Sometimes I feel a bit sad about the fact that I have no local gaming shop where I can browse through the latest RPG products, talk shop with the regulars and join into store-organized games. But I usually come to my senses real quick and remember the gaming shops I’ve known over the years.
The common myth is that local shops are getting killed by online shops, but in my opinion this is only part of the truth. Over the years I’ve come to realize that FLGS death is at least 50% suicide.
Let me start by telling you about the shop I regularly visited during the late 1990s. It was a small, dark and pretty cramped store in a backstreet about 15 minutes on foot away from the train station and every other major store. So if you didn’t know about it’s existence in the first place, you never found it by chance. But that was in my opinion not the reason it had to close down in the end.
Even though the shop was small and dark I actually liked it. They had lots of different roleplaying games on their shelves – from popular games like D&D to the more rare ones and even some pretty obscure ones. I could spend hours there leafing through game books I’ve never even heard about. But where there’s light there’s darkness.
One of the employees was a very grumpy fellow who usually told people that what they were buying was actually crap. His favorite target were people who actually bought one of the overpriced Games Workshop miniatures from them. It was also a really pain in the ass to get him to help you if you had a question. The other one was a more cheerful fellow but had the uncanny ability of driving female customers from the shop in no time.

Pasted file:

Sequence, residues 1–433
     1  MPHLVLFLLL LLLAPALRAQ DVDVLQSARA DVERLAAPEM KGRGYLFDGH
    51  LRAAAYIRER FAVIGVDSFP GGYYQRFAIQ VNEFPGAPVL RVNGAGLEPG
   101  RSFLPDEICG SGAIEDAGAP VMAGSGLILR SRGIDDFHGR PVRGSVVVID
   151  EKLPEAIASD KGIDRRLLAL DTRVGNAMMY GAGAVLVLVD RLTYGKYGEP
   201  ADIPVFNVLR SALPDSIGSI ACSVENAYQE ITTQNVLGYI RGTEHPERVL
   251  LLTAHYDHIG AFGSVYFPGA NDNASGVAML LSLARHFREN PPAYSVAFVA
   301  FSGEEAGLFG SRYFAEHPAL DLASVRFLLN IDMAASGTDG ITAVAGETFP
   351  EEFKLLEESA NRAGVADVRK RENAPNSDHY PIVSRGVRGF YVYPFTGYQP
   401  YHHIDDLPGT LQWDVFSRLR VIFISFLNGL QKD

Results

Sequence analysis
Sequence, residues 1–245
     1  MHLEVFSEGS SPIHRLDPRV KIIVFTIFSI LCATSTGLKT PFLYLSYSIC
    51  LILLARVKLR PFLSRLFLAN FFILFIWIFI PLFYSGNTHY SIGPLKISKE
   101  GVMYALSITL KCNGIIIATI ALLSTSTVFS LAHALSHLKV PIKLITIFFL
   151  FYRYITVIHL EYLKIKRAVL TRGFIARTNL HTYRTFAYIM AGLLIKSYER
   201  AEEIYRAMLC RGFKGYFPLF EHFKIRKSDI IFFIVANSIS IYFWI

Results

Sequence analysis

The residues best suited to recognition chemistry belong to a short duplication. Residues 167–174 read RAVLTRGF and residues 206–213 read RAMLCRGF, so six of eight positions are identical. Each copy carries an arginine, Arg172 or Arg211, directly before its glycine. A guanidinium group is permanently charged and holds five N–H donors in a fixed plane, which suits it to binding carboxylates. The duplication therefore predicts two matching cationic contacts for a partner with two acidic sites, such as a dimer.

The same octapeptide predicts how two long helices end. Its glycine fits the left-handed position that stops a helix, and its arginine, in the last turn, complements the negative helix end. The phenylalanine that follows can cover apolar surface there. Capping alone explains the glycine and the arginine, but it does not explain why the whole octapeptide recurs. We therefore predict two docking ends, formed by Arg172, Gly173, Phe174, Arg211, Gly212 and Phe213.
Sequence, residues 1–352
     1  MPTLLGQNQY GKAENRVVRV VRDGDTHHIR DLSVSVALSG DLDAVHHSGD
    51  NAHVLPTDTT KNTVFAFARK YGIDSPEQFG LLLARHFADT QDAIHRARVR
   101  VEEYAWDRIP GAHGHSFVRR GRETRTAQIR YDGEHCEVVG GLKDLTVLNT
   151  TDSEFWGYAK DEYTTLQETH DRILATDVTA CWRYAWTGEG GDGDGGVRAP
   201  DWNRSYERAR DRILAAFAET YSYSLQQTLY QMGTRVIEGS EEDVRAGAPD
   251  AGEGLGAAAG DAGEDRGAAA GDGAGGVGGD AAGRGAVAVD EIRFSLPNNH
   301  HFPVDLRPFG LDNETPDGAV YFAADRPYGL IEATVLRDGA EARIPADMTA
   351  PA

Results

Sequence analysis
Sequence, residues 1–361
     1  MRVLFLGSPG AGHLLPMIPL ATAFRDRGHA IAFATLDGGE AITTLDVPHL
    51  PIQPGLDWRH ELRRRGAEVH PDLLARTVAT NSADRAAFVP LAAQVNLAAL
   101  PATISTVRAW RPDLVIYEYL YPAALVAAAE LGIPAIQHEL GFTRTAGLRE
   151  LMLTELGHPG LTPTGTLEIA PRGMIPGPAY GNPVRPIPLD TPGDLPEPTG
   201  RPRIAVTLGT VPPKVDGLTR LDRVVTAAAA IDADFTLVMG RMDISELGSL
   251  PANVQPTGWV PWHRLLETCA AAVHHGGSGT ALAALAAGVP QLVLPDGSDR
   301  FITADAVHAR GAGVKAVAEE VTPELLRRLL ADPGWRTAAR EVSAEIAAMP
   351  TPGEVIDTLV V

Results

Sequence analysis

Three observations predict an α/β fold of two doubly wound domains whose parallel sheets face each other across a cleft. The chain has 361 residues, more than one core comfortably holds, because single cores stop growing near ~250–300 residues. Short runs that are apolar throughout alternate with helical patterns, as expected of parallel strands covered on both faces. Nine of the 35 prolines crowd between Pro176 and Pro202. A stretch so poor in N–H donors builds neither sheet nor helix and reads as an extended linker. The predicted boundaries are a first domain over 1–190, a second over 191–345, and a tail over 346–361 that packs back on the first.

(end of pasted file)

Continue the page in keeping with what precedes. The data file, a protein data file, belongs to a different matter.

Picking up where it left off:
Both of them were actually totally unable to order anything for you, so if they didn’t have the product you wanted in stock you could either buy something else or just return on another day in hopes they finally had it in stock.
When this shop went under another opened in another part of town. The shop’s interior was larger, better lit and much more friendly. But alas it had a lot of the same problems. The people working there were not that motivated and the word “service” was obviously not in their vocabulary. What annoyed the hell out of me was that they even tried to sell a couple of pretty damaged books for the regular price. I can’t remember that they ever gave you a discount on any damaged books and usually these books never sold because of this.
Don’t get me wrong, it’s not that I just wanted to get the price down. But I think it’s just wrong to trying to sell obviously used stuff for the full price. That’s just not very customer-friendly in my book.
Finally this shop closed after a couple of years and was replaced by a new one that opened just a few dozen meters away. Again you ran into the same issues: a staff that was unmotivated and didn’t know shit about what they were selling. You probably can already imagine how this story ends. Yes, one day this shop closed as well.
I really would love to support brick & mortar gaming shops, but hell they don’t make it easy for me. I am sure there are great game shops out there – with motivated employees who actually know what they are selling, who organize events, provide additional service (like participating in programs like Bits & Mortar), who order books for you and keep you informed about what’s new in gaming. But all the local game shops I’ve been in weren’t anywhere close to that.
So I am forced to buy everything online. The only thing I can do to support the little guy is to buy from online shops like Sphärenmeisters Spiele instead of relying on Amazon too much. Aside from that you can always support your favorite publisher directly by ordering from their own online stores (if they have something like that).
What do you think? Are brick & mortar gaming stores responsible for their own deaths? Or is it the fault of us gamers? Please share your comments below!